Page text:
ZIMBABWE continues to perform badly in international investment ratings. The crisis-ridden nation has been ranked among the bottom five countries in a latest report by Cato
Institute, a Washington-based non-partisan research foundation that evaluates the degree of economic freedom in individual countries.
The report, Economic Freedom of the World: 2003 Annual Report, found Zimbabwe to have some of the most stringent laws with regards to investment choice.
The report considered 123 nations.
Zimbabwe is in the same category as the war-torn Democratic Republic of the Congo, Guinea-Bissau, Myanmar and Algeria.
The report takes into account economic freedom, which includes personal wealth, voluntary exchange, freedom to compete and the protection of persons and property.
The report also shows that most economically unfree states are still in sub-Saharan Africa. Botswana, which has for a long time had a significantly higher level of economic success than other nations in the region, today enjoys a per capita gross domestic product of US$3,950 compared to a figure of US$564 in sub-Saharan Africa.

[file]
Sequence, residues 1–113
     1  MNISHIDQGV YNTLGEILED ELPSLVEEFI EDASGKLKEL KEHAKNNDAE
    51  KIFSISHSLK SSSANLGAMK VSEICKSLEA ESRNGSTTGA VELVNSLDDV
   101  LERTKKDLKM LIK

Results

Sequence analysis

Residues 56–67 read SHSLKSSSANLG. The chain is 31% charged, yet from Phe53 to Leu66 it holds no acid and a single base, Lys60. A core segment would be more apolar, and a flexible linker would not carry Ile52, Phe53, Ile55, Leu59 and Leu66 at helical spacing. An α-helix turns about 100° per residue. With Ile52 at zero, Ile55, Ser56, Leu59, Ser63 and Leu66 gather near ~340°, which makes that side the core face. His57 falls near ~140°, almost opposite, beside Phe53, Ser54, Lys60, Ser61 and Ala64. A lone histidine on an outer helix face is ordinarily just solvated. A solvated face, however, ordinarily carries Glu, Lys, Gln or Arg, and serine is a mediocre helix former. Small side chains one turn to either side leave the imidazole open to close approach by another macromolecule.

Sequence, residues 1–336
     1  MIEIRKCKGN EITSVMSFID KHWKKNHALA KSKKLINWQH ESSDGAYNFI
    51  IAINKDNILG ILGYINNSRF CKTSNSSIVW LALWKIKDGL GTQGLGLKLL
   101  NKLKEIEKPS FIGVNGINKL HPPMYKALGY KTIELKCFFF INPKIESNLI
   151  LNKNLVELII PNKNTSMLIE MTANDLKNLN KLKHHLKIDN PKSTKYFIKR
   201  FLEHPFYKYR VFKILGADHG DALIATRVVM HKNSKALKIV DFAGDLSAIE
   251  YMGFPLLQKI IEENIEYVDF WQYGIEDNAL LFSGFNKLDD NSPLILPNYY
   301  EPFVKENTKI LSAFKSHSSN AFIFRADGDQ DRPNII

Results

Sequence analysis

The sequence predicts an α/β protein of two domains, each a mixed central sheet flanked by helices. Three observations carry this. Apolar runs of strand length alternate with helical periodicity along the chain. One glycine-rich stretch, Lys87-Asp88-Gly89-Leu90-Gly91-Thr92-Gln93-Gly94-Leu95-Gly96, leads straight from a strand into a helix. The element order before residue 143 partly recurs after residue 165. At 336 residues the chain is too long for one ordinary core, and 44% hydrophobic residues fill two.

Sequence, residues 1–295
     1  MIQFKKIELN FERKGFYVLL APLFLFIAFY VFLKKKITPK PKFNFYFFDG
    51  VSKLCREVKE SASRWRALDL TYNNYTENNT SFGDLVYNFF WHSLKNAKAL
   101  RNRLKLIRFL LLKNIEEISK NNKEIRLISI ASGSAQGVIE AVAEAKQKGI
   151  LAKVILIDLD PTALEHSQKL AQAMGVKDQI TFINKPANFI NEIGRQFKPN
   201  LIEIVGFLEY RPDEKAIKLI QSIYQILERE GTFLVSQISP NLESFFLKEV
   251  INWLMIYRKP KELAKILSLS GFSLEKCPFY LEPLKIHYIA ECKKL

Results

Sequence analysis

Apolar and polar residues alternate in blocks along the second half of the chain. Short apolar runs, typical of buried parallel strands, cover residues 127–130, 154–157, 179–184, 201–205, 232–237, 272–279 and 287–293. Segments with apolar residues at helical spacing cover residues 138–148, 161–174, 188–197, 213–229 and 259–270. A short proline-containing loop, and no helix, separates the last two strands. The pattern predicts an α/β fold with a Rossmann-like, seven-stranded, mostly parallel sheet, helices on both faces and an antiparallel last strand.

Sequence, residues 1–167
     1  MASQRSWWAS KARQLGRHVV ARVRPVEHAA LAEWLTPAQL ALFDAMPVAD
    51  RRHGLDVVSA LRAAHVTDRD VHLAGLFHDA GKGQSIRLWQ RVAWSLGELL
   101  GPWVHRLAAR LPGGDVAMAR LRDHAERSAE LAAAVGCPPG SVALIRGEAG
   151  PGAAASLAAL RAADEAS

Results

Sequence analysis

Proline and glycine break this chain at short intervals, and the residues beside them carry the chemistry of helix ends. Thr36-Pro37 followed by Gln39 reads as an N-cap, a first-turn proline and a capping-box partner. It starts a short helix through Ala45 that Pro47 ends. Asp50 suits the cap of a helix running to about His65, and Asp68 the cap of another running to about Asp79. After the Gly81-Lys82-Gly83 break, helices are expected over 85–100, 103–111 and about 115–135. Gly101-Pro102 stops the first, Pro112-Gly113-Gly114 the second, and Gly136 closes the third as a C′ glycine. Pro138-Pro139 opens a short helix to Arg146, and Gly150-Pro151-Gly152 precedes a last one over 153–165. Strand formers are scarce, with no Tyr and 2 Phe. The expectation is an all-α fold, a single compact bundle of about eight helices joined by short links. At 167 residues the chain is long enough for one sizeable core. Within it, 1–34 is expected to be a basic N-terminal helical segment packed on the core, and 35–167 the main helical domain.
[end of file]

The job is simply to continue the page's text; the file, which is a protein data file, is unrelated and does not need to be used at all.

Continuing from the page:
In the report Botswana has the 26th highest level of economic freedom, tied to eight other nations including Japan and Norway.
Hong Kong, Singapore and the United States are the top three countries.
Investment analysts say Zimba-bwe’s land grab policy, fiscal indiscipline, price controls and lack of debt management could have contributed to the low ratings in the report.
Zimbabwe is embroiled in an economic and political crisis and has during the last three years been bottom-placed in most economic and humanitarian reports.
The Economist Intelligence Unit (EIU) gave Zimbabwe an overall risk rating of “E” on political risk, economic policy risk and liquidity risk.
The EIU expressed concern on the ongoing political crisis within the country and the potential for the eruption of politically-motivated unrest and deficit.